RNA - The WSJ revealed on Thursday that Washington has been running a disinformation campaign that sought to sow discord between Iranians and their government by "blaming the country’s economic hardship on its leaders and discrediting those who oppose the White House’s policies."
Titled "US Aims a Megaphone at Iranian Public as Part of Pressure Campaign," the article delves into the depth of the propaganda campaign and reveals some of its inner workings.
The two authors of the article, Sune Engel Rasmussen and Michael Amon, state that the campaign makes use of all available channels, including hashtags, YouTube videos and "traditional pro-U S media outlets broadcasting in the Middle East" to win over more support in Iran.
"American officials say US-sponsored radio stations including Voice of America now reach more than 14 million Iranians inside the country each week—about 23 percent of the nation’s adults," the article says.
According to them, the Trump administration has set up a State Department unit called the Iran Action Group, which is led by Brian Hook, the White House special envoy on Iran, and has been tasked with spreading the propaganda content.
Hook has personally tried his hand at the craft, filming a video inside the former Iranian embassy in Washington, telling his Iranian viewers that the diplomatic mission and its assets, including artwork and Persian rugs, have been looked after and the keys will be returned to a “truly representative Iranian government.”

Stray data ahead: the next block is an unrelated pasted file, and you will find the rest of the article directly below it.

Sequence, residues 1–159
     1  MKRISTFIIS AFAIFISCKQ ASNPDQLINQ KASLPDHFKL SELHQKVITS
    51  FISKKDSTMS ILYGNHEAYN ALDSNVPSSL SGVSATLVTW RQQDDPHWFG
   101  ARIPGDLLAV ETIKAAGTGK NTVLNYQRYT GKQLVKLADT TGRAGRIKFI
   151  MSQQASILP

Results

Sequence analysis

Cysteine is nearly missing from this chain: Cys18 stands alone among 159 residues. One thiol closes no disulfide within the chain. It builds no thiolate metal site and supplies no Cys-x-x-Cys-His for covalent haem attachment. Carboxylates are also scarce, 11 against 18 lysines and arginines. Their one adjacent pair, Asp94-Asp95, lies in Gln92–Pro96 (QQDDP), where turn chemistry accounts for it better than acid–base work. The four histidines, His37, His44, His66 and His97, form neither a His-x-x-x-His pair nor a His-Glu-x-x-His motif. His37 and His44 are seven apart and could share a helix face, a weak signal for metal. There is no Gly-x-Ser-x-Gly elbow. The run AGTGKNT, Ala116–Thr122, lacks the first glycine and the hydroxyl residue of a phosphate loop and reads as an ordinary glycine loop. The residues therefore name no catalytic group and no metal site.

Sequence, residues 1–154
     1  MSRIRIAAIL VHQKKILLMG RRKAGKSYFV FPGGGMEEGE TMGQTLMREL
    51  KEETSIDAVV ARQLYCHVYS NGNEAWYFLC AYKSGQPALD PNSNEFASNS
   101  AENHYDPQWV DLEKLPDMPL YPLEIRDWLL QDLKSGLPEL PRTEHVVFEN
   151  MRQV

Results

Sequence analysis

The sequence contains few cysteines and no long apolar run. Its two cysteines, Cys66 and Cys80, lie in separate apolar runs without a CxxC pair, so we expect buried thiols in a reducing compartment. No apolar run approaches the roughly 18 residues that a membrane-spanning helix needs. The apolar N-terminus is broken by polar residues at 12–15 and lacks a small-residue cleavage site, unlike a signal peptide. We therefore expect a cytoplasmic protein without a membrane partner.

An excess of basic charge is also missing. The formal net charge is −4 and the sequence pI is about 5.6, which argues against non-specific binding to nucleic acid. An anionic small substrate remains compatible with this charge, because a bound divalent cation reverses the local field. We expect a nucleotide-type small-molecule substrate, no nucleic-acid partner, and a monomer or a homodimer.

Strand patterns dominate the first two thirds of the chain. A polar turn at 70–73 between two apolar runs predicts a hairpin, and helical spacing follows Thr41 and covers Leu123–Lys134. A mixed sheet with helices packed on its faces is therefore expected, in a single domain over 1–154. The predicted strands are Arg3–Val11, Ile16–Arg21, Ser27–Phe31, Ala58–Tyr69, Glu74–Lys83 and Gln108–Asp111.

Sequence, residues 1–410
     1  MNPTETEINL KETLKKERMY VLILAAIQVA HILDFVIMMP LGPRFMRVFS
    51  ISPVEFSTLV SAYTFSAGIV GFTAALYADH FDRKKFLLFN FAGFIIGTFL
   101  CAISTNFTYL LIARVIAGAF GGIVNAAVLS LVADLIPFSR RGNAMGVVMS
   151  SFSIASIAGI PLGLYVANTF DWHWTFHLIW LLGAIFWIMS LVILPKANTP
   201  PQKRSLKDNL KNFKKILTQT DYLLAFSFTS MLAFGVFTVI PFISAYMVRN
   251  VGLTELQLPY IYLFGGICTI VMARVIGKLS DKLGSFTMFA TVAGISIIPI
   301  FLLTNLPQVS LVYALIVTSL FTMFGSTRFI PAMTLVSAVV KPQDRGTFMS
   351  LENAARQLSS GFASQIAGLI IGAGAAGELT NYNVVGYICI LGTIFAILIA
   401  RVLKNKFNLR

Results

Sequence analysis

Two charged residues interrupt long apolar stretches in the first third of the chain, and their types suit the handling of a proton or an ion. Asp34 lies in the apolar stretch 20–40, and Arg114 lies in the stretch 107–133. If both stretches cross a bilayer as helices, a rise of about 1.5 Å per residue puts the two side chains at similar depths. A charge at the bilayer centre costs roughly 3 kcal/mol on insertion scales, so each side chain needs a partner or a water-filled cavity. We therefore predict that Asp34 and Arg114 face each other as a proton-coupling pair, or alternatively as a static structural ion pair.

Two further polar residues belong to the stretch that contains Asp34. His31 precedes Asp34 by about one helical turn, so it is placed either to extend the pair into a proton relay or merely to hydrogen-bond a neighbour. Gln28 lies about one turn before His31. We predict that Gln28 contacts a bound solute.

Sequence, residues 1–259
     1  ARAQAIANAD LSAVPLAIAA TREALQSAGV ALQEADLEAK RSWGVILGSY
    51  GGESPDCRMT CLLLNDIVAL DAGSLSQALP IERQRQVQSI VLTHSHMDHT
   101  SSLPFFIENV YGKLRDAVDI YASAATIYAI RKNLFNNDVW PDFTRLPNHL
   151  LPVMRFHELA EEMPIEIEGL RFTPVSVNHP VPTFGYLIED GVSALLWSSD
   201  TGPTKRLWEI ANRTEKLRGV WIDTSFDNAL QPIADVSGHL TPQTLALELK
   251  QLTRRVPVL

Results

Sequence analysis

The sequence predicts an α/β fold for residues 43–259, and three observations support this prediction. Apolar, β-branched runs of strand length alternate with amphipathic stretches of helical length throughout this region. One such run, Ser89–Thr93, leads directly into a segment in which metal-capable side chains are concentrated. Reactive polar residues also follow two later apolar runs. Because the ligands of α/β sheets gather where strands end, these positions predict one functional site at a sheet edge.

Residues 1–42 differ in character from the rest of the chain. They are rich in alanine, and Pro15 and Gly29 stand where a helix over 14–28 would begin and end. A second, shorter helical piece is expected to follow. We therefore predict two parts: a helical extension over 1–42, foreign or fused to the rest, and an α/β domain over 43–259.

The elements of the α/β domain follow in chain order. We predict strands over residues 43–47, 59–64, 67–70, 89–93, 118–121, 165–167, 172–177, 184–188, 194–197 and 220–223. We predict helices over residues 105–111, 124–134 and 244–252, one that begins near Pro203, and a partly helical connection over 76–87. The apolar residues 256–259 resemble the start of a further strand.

But there is a major flaw to this plot and that, ironically, is Trump's own twitter habits.
“The millions of dollars the State Department spends on public diplomacy and strategic messaging are totally overshadowed by Trump’s tweets,” Karim Sadjadpour, senior fellow and Iran expert with the Carnegie Endowment, told the WSJ. “And Trump’s tweets to Iran have been totally incoherent, ranging from pleas [for] dialogue to threats of military attack.”
Alireza Miryousefi, the spokesman for Iran’s United Nations mission, said the US has been using propaganda tactics against the Iranian people since the 1979 Islamic Revolution without ever succeeding.
“Certainly the evidence is clear: While the Iranian people are suffering under the economic terrorism imposed on them, they are in a large majority laying the blame squarely at the feet of the Trump administration,” he said.
Another reason for the campaign's ineffectiveness, according to the report, is America's reliance on "exiled Iranians in the US" and the Mujahedin-e Khalq (MEK or MKO) terrorist group to get its message across. But the problem is both of these groups are widely despised in Iran.
The Trump administration’s anti-Iran campaign hit another snag recently when the Iran Disinformation Project -- an online platform funded by the State Department to spearhead a campaign to discredit Iranian journalists and scholars living in the US and Europe -- was defunded.
Shortly after its launch, the State Department spokesman said criticism of US-based organizations and people wasn’t the intent of the program. Its $1.5 million in funding was yanked, and the project was terminated.